Theological Systems

I am a big fan of systematic theology.  God’s story of redemption is epic in its sweep and fitting His words and works into that epic is both intellectually satisfying as well as pertinent to how we live.  Proper theology casts a long shadow in our lives, especially as we understand all that came to us through Christ in the new covenant.  But I am not a fan of theological systems.

Our work, as theologians, is to prayerfully investigate the mysteries of God and explain such in an accessible format to our readers.  Accessible does not mean diminishing the grandeur.  It is more like being a bridge.  Just as many pastors are a bridge on Sunday morning taking the Word of God, recorded primarily in Greek, and making it accessible to an English-speaking audience while preserving its original meaning, intent, and nuance.

My concern is that in our zeal for understanding and accessibility, it is easy to cross the line and remove the mystery altogether.  At the risk of alienating half the audience, take the biblical concepts of election, grace, depravity, and atonement, for example.  These concepts are clearly contained in Scripture and referred to and explained in many passages.  But is it possible that the adjectives we add to these terms are not contained in Scripture but only exist to help us fit it all into a neat system that we can get our human minds around?  This isn’t an answer, just a question.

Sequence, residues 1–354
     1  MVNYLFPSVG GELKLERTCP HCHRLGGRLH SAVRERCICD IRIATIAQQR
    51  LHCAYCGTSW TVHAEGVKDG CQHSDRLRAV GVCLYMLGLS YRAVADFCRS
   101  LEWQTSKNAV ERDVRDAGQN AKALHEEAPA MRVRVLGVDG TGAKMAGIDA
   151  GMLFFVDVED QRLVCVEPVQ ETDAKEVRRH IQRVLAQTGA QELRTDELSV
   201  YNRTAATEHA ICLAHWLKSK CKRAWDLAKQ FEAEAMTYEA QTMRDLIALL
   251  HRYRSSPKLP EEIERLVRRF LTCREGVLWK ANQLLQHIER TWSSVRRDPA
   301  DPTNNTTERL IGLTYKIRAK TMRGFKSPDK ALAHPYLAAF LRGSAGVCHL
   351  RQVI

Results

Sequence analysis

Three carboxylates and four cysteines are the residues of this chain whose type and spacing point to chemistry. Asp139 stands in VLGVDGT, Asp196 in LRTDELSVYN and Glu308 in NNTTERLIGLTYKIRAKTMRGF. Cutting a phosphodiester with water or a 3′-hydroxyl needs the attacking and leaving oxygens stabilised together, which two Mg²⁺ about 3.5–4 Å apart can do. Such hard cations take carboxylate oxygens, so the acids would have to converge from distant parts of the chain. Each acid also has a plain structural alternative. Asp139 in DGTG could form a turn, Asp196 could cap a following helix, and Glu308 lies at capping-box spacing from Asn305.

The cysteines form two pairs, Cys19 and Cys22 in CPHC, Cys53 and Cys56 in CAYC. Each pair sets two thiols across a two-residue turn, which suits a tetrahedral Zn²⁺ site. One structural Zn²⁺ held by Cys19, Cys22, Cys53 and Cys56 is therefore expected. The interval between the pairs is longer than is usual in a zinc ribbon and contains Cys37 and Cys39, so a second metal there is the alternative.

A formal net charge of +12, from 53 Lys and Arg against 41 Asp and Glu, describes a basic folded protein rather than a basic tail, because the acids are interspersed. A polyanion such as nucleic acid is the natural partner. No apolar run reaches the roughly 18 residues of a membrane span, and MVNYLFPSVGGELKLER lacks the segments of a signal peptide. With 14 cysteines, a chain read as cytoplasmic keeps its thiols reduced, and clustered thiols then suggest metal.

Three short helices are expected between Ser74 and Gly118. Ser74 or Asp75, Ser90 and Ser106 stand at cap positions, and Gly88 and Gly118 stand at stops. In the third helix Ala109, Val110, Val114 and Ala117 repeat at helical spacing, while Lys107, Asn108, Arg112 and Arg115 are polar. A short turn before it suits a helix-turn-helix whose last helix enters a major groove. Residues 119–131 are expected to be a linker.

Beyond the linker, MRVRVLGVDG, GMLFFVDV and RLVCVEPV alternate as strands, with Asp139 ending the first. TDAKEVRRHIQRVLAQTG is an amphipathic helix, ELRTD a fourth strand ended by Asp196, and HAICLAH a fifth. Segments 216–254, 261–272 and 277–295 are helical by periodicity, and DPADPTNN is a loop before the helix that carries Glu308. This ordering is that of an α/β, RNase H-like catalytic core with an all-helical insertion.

I think Dietrich Bonhoeffer summed up the mystery well in this advent reading.  “No priest, no theologian stood at the manger of Bethlehem.  And yet all Christian theology has its origin in the wonder of wonders:  that God became human.  Holy theology arises from knees bent before the mystery of the divine child in the stable.”

“Without the holy night, there is no theology.  ‘God is revealed in flesh,’ the God-human Jesus Christ – that is the holy mystery that theology came into being to protect and preserve.  How we fail to understand when we think that the task of theology is to solve the mystery of God, to drag it down to the flat, ordinary wisdom of human experience and reason!  Its sole office is to preserve the miracle as miracle, to comprehend, defend, and glorify God’s mystery precisely as mystery.”

Celebrate the mystery!

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One Response to Theological Systems

  1. Stephanie Frederick says:

    so true! We don’t need to understand the mysteries of God ….that’s where faith comes in.

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